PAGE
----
In your forties, retirement is looming whether you like it or not, whether you are prepared for it or not. Health care and aged care are potentially two big unpredictable upcoming expenses. In Australia, the heath care system is very good (particularly if you compare it with the US, sorry!) but I would still buy private health insurance for peace of mind. I do not want to depend solely on the public system and be at the mercy of waiting lists for surgery.

Aged care is another matter. The federal government funds part of the cost but as yet, I do not understand how it works fully. The standards of living arrangements differ greatly, with some new facilities looking like 5-star hotels while others are run down and dilapidated. I would like to be able to choose a level of care that I am comfortable with, not be forced to live in a run-down facility that smells of urine.

Additionally, there is dementia in my family so at the back of my mind, I wonder if I too will be susceptible to the disease. If dementia is in my future, then I need to make doubly sure that at the very least, my finances are in order and that I will not be a burden on anyone.

Advice For Other Women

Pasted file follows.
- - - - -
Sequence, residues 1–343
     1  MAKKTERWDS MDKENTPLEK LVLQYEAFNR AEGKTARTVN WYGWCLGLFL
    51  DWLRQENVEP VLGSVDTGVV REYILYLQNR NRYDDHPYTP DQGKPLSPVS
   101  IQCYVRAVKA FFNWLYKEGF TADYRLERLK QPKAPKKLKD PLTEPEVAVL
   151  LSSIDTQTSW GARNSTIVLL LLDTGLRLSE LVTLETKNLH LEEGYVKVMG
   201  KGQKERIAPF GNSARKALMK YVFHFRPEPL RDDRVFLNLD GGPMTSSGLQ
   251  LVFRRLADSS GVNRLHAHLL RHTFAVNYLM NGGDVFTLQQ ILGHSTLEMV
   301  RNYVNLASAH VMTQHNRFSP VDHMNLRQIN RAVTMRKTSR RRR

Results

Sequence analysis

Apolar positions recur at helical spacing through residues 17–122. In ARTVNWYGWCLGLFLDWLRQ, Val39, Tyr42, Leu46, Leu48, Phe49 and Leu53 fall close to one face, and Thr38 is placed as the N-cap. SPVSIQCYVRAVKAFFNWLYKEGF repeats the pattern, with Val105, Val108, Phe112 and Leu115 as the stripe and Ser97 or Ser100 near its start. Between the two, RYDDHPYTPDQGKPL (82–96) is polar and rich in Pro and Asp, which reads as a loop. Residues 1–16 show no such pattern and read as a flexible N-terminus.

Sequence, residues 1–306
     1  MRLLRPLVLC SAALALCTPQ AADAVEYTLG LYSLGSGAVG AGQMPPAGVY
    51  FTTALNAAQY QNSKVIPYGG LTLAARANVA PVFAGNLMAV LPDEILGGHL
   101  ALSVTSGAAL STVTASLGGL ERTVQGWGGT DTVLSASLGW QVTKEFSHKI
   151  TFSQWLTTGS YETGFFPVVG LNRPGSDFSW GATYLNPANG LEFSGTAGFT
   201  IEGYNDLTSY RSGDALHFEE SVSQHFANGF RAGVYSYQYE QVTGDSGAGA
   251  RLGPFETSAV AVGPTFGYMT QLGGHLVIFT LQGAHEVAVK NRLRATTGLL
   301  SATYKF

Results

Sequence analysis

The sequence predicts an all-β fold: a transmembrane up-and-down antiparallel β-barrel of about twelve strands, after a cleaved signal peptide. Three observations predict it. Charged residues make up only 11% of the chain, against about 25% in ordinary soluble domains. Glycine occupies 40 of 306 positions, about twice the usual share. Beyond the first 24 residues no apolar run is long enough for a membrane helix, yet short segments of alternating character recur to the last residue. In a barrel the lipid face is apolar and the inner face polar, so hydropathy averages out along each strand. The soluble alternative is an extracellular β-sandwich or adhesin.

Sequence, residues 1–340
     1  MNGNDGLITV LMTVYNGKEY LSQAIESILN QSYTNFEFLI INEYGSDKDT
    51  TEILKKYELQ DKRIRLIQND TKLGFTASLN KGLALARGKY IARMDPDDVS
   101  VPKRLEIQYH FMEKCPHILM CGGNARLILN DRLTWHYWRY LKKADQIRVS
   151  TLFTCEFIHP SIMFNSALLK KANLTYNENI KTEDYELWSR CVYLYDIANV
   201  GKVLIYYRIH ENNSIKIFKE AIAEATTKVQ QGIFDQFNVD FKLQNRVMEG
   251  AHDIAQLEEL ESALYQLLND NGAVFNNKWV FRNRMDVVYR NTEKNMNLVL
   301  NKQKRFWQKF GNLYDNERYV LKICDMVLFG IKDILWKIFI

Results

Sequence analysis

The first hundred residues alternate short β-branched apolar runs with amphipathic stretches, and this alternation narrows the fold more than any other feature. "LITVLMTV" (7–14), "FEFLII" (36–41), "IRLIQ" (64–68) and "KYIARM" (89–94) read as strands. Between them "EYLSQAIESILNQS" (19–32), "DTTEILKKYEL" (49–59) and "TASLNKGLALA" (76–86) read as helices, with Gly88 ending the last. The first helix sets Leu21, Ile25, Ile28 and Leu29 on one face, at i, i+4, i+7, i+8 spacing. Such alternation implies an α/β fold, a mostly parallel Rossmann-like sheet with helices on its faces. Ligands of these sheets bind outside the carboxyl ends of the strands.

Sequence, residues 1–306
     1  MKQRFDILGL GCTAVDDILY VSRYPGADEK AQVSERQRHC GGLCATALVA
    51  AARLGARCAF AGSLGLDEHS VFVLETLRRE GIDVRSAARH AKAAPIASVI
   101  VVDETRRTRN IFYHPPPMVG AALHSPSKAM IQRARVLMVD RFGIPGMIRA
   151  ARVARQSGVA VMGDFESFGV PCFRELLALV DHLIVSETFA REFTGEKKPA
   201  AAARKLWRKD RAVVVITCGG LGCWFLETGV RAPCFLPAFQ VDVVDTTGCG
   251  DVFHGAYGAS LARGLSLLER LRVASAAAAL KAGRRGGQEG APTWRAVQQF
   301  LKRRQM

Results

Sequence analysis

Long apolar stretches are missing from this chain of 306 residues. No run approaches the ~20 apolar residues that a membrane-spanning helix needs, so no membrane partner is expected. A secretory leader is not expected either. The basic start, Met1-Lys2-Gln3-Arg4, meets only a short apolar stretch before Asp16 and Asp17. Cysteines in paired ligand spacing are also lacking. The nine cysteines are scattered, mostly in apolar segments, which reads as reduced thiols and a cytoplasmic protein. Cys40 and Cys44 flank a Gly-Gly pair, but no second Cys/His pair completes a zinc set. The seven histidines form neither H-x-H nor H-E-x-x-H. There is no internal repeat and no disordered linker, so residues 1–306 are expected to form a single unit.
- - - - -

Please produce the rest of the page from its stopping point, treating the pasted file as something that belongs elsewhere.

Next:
I drifted through life, particularly after I bought my house. So my advice is don’t drift! Pay attention to your life, your finances, your relationships, your work. Stay engaged.

Looking back with perfect hindsight, I should have continued to salary sacrifice into my superannuation. That would have boosted my retirement savings. I weep now to think of the opportunity costs with compound interest. As I did not care or think about my finances, I certainly never cared about what sort of investment vehicle my superannuation was in. Even though it was my money, it didn't feel like it. Because I wouldn't be able to touch it till I turned 60 - and hey, that is decades away. I still have time to worry about such boring things. I should have chosen the high growth option and be 100% invested in equities. Instead, I just left it in the default balanced option. Ah, another lost opportunity.

"Let compound interest do the hard work. You won't then wake up in a cold sweat at 47 years old wondering if you have saved enough to retire at 65."